Only Child dissects uncertainty

 

 

Only Child and her late dad on the veranda of 139 in happier times

Only Child and her late dad on the veranda of 139 in happier times

Lately I have been living with too much uncertainty. I’ve had lots of practice to live this way since I was 12 and my dad had cancer of the brain. This was his first bout in his head and Mom and I didn’t know if he would make it. He kept vomiting and had a constant sharp headache. The doctors at St. Michael’s Hospital didn’t think surgery would help so they tried the other prong of the then (early 1960s) two-prong cancer treatment – burn. They blasted him with radiation regularly while back at home, Mom and I, joined by her eccentric older sister, “Gretchen,” waited and tried to cope with the uncertainty.

I have never learned to cope with all the uncertainties in life. Don’t know if it goes back to dealing with Dad’s cancer or is a sign of getting old(er) but the number of uncertainties seems to be larger now than 30 or so years ago. Back then I suffered from depression. The depression has long gone way past over the rainbow. Now I get angry and worry a lot as I have blogged previously. And I seem to live in constant anxiety.

I wonder if uncertainty about the outcome of all the worries and problems has a lot to do with it. I wonder if I knew for sure exactly what the outcome would be if the worry, would be a little less… or at least more focused on a definite result and how I will deal with it. Instead of various scenarios galloping throughout my head with a nebulous ending in sight – or more likely also chasing around in my mind.

So I have tried various ways to deal with uncertainty. The journalist in me immediately goes into research mode to collect all the info I can about the problem. That includes Internet research, talking to experts, or in the case of utility billing or service problems, talking to the utility company. As some of you may know I am not the most polite and patient person if I believe the “other guy” (utility company for one) has messed up and I’m the one getting the result of what is often their stupidity. But I am persistent and I push until I get what I want, i.e. the mess-up corrected to my satisfaction.

I also like comparing situations with my friends. Misery loves company, but I might learn something from their experience.

And I have even tried praying – but results from that also are in the uncertain field. Like with the weather and whether heavy rainfall will cause water to get into my basement.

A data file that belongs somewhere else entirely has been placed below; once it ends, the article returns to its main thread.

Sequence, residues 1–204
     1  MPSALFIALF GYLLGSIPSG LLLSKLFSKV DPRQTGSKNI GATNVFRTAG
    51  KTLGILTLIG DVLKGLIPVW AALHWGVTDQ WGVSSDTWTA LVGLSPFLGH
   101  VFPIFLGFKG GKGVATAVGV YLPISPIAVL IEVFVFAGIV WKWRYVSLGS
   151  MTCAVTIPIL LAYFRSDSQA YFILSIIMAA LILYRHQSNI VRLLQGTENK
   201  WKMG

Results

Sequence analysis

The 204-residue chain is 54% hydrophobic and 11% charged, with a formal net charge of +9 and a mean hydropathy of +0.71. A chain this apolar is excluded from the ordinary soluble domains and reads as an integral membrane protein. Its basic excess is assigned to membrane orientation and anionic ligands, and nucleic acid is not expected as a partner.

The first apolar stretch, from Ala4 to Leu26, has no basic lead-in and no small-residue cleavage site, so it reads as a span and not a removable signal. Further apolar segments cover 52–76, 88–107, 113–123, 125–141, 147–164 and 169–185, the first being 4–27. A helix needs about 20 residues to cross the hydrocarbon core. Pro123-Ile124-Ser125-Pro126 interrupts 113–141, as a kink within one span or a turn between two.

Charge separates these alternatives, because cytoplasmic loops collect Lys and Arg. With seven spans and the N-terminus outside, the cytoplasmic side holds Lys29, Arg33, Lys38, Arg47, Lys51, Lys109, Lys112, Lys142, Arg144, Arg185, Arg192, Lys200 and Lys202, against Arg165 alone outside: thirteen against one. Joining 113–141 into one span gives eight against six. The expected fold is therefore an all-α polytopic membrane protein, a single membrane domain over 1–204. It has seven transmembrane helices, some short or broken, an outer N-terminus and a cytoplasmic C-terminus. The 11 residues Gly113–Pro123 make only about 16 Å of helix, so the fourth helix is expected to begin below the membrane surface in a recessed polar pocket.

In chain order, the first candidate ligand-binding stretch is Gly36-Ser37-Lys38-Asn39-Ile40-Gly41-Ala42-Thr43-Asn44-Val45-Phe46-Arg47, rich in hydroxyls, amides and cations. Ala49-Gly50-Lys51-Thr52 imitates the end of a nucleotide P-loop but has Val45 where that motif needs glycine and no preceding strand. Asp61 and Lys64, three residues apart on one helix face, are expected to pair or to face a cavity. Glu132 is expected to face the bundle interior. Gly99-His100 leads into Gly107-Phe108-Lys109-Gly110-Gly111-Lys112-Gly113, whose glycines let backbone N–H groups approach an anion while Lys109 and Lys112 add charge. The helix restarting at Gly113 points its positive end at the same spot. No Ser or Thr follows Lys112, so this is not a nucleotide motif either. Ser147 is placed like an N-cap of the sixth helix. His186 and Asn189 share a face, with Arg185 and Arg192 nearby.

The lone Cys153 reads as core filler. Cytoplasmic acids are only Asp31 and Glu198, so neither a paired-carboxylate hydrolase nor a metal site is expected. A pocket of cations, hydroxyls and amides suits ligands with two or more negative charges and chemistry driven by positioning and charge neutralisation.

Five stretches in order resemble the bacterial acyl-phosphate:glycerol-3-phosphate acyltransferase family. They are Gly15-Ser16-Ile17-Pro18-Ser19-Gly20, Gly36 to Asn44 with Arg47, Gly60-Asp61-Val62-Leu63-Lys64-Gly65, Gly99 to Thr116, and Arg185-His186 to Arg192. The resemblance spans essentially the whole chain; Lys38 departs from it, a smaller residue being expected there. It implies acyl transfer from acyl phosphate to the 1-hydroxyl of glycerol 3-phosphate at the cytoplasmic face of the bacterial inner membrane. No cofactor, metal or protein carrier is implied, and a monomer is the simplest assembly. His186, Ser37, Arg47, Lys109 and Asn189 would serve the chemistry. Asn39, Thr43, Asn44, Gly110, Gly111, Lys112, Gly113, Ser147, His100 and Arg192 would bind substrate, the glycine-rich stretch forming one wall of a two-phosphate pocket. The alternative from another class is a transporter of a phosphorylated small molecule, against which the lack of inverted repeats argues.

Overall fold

Back to Dad and his brain cancer. In my memoir I write:

Gretchen’s answer is to pray. I still hold onto religion then, so our impromptu female trinity prays rosaries, as if strumming the circle of beads and muttering praises and pleas will make my father whole and keep him alive.  

St. Michael’s Hospital radiates a friendlier air than Western, maybe because the chief guardian angel resides there. And St. Mike must have listened to our prayers, because one day when mother and I walk into his room, Dad smiles at us.

“I ate a cheese sandwich, and it stayed down,” he says.

  (Excerpted from You Can Go Home – deconstructing the demons, copyright 2014 Sharon A. Crawford)

Apparently prayer worked then…for a time. Three and a half years later the cancer returned to another part of Dad’s brain and it killed him.

Maybe that ending has a lot to do with why I have so much difficulty living with uncertainty. I can hear some people asking “Don’t you want to be surprised?” Well, of course, but pleasant surprises, even surprises that challenge me to do better or to go through another learning curve.

But I want them to be positive experiences. Otherwise it might be nice to know what the actual outcome will be for the nasty things that pop up in life. If I or someone close to me gets ill, will we pull through? All this uncertainty tends to detract from dealing with the outcome because we are dealing with the issue – and the issue can have many more prongs than the old slice or burn cancer treatment.

How do you deal with uncertainty? Does it work?

Sharon A. Crawford

Only Child Writes

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Filed under 1960s, Anger, Anxiety, cancer, Cancer Treatment, Health, Mom and Dad, Sharon A. Crawford, Uncertainty

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